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Mar. Then they got traitors. Gui. Yes, angel-traitors, fit to shine in palaces,
Forked into ills, and split into deceits;
Two in their very frame. Twas well, 'twas well,
I saw thee not at court, thou basilisk;
For if I had, those eyes, without his guards,
Had done the tyrant's work.

Mar. Why then it seems
I was not false in all: I told you, Guise,
If you left Paris, I would go to court:
You see I kept my promise.

Gui. Still thy sex:
Once true in all thy life, and that for mischief. Mar. Have I said I loved you?

Gui. Stab on, stab:
Tis plain you love the king.

Mar. Nor him, nor you,
In that unlawful way you seem to mean.
My eyes had once so tar betrayed my heart,
As to distinguish you from common men;
Whate'er you said, or did, was charming all. Gui. But yet, it seems, you found a king more
charming.

Mar. I do not say more charming, but more noble, More truly royal, more a king in soul, Than you are now in wishes.

Gui. May be so:But love has oiled your tongue to run so glib,— Curse on your eloquence!

Mar. Curse not that eloquence that saved your life:

For, when your wild ambition, which defied
A royal mandate, hurried you to town;
When over-weening pride of popular power
Had thrust you headlong in the Louvre toils,
Then had you died: For know, my haughty lord,
Had I not been, offended majesty

Had doomed you to the death you well deserved. Gui. Then was't not Henry's fear preserved my life?

Mar. You know him better, or you ought to know him: .He's born to give you fear, not to receive it.

Gui. Say this again; but add, you gave not up Your honour as the ransom of my life; For, if you did, 'twere better I had died.

Mar. And so it were.

Gui. Why said you, so it were? For though 'tis true, methinks 'tis much unkind.

Mar. My lord, we are not now to talk of kindness. If you acknowledge I have saved your life, Be grateful in return, and do an act, Your honour, though unasked by me, requires.

Gui. By heaven, and you, whom next to heaven I love, (If I said more, I fear I should not lie,) I'll do whate'er my honour will permit.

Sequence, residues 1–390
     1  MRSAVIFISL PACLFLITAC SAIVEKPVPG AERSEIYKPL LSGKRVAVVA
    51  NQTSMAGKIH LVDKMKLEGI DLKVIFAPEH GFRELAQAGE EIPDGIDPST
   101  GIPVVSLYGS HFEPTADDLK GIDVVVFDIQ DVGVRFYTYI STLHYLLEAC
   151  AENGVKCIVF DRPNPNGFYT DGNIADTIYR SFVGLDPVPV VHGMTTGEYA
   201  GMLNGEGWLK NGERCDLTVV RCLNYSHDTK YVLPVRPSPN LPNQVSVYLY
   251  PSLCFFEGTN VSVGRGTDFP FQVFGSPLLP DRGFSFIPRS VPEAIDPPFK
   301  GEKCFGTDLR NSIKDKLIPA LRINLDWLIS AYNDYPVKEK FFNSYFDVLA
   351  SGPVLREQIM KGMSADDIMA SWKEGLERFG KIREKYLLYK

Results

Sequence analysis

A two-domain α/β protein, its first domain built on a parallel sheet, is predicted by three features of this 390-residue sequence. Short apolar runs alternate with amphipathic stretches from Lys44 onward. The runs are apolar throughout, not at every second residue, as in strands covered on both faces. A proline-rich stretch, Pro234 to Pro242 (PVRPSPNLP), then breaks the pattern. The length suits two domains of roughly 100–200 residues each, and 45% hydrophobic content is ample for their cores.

Mar. Go, throw yourself at Henry's royal feet, And rise not till approved a loyal subject.

Gui. A duteous loyal subject I was ever.

Mar. I'll put it short, my lord; depart from Paris.

Gui. I cannot leave
My country, friends, religion, all at stake.
Be wise, and be before-hand with your fortune;
Prevent the turn, forsake the ruined court;
Stay here, and make a merit of your love.

Mar. No; I'll return, and perish in those ruins. I find thee now, ambitious, faithless, Guise. Farewell, the basest and the last of men!

Gui. Stay, or — O heaven!—I'll force you: Stay—

Mar. I do believe
So ill of you, so villainously ill,
That, if you durst, you would:

VOL. VII. F

Honour you've little, honesty you've less;But conscience you have none:Yet there's a thing called fame, and men's esteem, Preserves me from your force. Once more, farewell. Look on me, Guise; thou seest me now the last;Though treason urge not thunder on thy head, This one departing glance shall flash thee dead. [Exit.

Gui. Ha, said she true? Have I so little honour? Why, then, a prize so easy and so fair Had never 'scaped my gripe: but mine she is; For that's set down as sure as Henry's fall. But my ambition, that she calls my crime;— False, false, by fate! my right was born with me, And heaven confest it in my very frame; The fires, that would have formed ten thousand angels, Were crammed together for my single soul.

Enter Malicorn.

Mai. My lord, you trifle precious hours away;
The heavens look gaudily upon your greatness,
And the crowned moments court you as they fly.
Brisac and fierce Aumale have pent the Swiss,